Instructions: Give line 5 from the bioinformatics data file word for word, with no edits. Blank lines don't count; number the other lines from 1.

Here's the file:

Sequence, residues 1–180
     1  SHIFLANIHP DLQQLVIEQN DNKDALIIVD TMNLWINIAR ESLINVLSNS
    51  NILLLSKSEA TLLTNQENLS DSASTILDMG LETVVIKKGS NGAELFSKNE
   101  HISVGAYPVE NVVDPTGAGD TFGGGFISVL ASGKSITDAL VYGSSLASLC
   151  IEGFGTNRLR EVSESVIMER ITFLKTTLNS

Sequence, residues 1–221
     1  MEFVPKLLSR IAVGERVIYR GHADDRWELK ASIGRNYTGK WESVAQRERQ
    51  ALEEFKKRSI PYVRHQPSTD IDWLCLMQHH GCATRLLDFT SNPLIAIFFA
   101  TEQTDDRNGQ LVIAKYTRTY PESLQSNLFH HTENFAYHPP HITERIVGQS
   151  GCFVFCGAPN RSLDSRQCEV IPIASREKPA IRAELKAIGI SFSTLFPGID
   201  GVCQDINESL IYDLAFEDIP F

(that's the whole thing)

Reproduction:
   151  IEGFGTNRLR EVSESVIMER ITFLKTTLNS